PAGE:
WASHINGTON – Minnesota's economy grew slower than the nation as a whole in 2016, as growth rates in the Upper Midwest lagged most other regions of the country.
Data released Thursday by the U.S. Bureau of Economic Analysis (BEA) showed that the state's gross domestic product (GDP) rose 1.3 percent in 2016, while the U.S. GDP was up 1.5 percent for the same period. Minnesota enjoyed a reasonably strong fourth quarter of growth in 2016, up 1.7 percent.
While the annual growth rate was below the country, the state did boast one of the country's best growth rates for professional, scientific and technical services. GDP is the market value of goods and services produced in a state.
Russell Price, a senior economist with Ameriprise Financial, said the state's performance was solid. "The state is still creating jobs and not inflation," he said.
The diversity of the state's economy, spread across many sectors, including medical technology, retail, food processing, agriculture, insurance and financial services, has provided "stability," Price said.
Minnesota showed some growth in its health care, government, agricultural, transportation and retail sectors in 2016. The largest declines came in real estate rental and leasing, mining, and insurance.
"States that are No. 1 tend to [be] riding a wave of some kind," said state economist Laura Kalambokidis. "We tend to be in the middle of the pack because of our diverse economic base. It gives us steady growth and makes the economy more resilient in downturns."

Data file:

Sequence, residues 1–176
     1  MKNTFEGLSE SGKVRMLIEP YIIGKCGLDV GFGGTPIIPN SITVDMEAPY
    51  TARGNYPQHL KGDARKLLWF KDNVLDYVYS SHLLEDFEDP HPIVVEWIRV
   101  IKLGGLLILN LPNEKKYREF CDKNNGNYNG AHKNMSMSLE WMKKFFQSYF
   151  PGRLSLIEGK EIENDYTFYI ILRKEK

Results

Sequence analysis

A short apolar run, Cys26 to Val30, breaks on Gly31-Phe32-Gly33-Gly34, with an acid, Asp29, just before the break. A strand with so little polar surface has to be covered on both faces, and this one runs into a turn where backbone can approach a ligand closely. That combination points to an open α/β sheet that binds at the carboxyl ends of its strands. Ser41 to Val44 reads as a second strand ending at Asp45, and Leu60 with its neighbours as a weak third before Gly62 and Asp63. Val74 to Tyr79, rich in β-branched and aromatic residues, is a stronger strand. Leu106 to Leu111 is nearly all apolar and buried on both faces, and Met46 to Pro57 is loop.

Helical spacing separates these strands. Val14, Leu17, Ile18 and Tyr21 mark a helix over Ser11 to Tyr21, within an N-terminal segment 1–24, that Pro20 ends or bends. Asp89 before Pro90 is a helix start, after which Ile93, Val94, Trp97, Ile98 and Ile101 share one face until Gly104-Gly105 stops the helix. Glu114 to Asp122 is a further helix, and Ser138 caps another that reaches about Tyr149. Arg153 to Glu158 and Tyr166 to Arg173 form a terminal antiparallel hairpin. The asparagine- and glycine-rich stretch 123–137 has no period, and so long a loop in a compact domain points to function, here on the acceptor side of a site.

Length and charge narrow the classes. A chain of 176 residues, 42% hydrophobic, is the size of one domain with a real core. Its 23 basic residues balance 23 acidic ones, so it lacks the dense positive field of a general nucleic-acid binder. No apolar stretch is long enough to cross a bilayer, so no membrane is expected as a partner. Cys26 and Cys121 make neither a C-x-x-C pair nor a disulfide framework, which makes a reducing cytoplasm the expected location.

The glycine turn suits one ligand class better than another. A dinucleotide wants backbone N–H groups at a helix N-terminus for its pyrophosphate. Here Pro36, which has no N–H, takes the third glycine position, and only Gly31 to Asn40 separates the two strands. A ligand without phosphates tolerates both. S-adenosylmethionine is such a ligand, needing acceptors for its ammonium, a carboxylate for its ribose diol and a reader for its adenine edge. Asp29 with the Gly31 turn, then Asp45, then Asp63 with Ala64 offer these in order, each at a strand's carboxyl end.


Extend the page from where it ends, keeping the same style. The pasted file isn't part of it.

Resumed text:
The state ranked 23rd out of 50 states in its percentage change in GDP from 2013-2016, the BEA reported. Gains in production fell from 2.1 percent in 2013 and 2.6 percent in 2014, well ahead of the national growth rates, to just 1.3 percent in 2015 and 2016.
Price surmised that Minnesota's steep drop to 1.3 percent growth in 2015 came in part because population growth in the state slowed and fell below the country's.
While Minnesota held a middling rank for GDP growth in 2016, North Dakota saw its GDP sag under the weight of decreased oil and gas production. North Dakota's GDP decreased 6.5 percent from 2015 to 2016, more than any other state, a testimony to the volatility of an economy strongly dependent on the mining of fossil fuels.
Growth in Iowa and Wisconsin was below Minnesota's, with Iowa at 0.9 percent and Wisconsin at 1.1 percent.
The highest growth rates were in western and southeastern states. Washington state had the fastest growth at 3.7 percent, while Oregon, Utah, Georgia, Florida and New Hampshire also had growth rates of 3 percent or higher.